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We’ve just seen a really interesting article by John Yunker for Marketing Profs. He is looking at how the Internet is used by non-English speakers.

Five translations used to be enough

Yunker states that fifteen years ago, web translation was quite rare – to translate your website into five or six languages was considered enough to be “global”. He ascribes this to the fact that most Internet users at that time were native English speakers.

Today, fewer than 20% of Internet users are native English speakers, which should give companies pause for thought. 80% of Internet users are not native English speakers. We’ve highlighted before that people are reluctant to buy products from a website that is not in their native language. Chinese speakers are now the largest group of internet users with 23%, then English, Spanish, Japanese and Portuguese.

Coca-Cola translates into more than 40 languages

So, how many languages should you translate into to compete globally? For major brands, such as Coca-Cola, Avon and BMW the answer is: they are translated into more than 40 languages.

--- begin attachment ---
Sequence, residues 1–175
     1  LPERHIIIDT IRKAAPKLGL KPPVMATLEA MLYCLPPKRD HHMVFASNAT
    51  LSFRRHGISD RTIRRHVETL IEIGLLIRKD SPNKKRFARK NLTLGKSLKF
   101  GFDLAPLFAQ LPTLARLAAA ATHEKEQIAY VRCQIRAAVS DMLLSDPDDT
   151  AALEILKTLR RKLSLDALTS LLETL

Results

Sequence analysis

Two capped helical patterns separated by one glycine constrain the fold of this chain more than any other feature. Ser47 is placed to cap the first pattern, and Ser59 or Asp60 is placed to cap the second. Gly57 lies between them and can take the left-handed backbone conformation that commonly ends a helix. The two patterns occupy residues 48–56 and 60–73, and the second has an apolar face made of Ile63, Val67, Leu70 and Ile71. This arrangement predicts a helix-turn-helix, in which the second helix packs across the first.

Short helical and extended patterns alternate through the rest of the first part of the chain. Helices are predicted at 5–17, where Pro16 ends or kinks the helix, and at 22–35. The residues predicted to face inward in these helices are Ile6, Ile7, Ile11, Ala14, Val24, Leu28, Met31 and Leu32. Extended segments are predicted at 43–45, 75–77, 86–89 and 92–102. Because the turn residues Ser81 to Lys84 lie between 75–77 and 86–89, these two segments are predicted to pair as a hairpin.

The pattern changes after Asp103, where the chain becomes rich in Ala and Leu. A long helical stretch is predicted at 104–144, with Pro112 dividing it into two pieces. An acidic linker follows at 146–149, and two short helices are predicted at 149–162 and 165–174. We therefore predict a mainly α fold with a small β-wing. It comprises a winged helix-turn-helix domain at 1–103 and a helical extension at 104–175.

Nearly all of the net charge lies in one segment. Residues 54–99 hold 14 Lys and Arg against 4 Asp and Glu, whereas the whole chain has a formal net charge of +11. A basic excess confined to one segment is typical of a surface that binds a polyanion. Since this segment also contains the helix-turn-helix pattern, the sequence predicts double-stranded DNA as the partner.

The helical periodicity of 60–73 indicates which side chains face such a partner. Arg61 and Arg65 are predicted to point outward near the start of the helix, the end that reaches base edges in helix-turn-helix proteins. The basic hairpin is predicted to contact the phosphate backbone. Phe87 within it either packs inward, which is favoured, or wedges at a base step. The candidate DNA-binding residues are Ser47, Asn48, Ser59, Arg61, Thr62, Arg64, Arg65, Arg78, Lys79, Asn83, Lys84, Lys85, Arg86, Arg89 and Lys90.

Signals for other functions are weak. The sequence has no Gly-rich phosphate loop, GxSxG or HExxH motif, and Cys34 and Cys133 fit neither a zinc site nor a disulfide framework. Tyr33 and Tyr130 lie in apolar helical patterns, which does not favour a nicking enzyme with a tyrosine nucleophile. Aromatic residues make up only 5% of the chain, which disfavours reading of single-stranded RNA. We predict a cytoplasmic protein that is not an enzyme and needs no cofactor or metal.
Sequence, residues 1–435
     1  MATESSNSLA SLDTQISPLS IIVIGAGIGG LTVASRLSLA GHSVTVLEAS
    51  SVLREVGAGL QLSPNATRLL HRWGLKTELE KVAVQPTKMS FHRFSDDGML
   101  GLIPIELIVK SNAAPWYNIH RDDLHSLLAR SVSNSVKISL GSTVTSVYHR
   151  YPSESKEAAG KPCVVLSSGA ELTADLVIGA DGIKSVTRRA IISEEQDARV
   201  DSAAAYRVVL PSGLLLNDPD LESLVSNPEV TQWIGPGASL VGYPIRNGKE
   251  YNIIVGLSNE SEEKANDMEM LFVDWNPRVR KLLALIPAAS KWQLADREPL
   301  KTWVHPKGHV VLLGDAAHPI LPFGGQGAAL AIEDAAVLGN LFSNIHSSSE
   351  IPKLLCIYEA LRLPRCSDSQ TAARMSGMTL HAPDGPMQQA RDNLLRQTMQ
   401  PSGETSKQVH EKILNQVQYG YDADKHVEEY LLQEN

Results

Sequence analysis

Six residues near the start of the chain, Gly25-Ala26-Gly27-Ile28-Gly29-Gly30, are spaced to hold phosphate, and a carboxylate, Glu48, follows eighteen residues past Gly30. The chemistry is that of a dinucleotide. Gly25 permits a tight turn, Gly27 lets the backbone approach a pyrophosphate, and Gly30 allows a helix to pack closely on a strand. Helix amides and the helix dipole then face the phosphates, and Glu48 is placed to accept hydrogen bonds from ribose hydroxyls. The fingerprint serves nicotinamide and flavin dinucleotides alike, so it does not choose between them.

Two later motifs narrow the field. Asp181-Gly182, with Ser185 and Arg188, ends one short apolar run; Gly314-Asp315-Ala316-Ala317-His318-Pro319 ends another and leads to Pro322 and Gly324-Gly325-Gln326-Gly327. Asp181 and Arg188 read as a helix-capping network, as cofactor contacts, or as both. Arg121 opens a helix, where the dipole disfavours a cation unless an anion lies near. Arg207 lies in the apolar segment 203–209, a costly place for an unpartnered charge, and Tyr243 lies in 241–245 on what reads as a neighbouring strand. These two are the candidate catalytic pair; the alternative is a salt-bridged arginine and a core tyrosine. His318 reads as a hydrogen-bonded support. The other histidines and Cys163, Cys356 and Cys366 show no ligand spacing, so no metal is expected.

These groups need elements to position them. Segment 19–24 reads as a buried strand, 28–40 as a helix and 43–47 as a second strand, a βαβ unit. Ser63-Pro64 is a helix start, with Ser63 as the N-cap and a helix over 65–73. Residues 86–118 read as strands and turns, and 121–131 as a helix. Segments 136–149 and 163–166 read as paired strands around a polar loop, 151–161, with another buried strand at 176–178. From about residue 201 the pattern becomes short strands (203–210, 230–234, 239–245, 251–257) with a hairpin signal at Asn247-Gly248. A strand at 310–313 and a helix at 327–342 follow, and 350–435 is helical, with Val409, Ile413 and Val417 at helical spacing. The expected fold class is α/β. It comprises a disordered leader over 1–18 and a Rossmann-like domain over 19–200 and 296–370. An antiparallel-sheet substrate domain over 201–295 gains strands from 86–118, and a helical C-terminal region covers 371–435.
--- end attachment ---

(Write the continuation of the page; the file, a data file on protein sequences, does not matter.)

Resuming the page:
Fair enough, but not everyone is a Coca-Cola – so realistically, how many languages should you translate your website into? This depends on a number of factors: your company’s international reach, and the world regions you are interested in. Europe may be a single market, but it contains many languages. Translating your website into Spanish, however, gives you access to Spain, Spanish speakers in the US and large sections of Latin America. Chinese gives you access to a very big market, but you will know best if the Chinese market is showing an interest in your products.

How to decide what translations to prioritise

Take the time to work out which markets are showing interest in your products (do you have early adopters, enquiries from distributors?). Then consider translating your major pages – products, contact us, basket, payments, into the languages which are going to be most likely to bring a return. Check there are no barriers to selling in those markets – high distribution costs for example. Then draw up your wishlist of languages, contact Accutranslate and we will start translating!